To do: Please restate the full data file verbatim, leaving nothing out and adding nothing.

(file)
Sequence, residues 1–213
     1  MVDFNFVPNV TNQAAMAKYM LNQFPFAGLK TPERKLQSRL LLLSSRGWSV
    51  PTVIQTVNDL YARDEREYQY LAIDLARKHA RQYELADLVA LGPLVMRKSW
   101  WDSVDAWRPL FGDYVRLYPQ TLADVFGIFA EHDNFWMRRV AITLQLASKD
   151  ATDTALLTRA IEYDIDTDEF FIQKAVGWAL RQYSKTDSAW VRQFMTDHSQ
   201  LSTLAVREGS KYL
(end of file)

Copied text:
Sequence, residues 1–213
     1  MVDFNFVPNV TNQAAMAKYM LNQFPFAGLK TPERKLQSRL LLLSSRGWSV
    51  PTVIQTVNDL YARDEREYQY LAIDLARKHA RQYELADLVA LGPLVMRKSW
   101  WDSVDAWRPL FGDYVRLYPQ TLADVFGIFA EHDNFWMRRV AITLQLASKD
   151  ATDTALLTRA IEYDIDTDEF FIQKAVGWAL RQYSKTDSAW VRQFMTDHSQ
   201  LSTLAVREGS KYL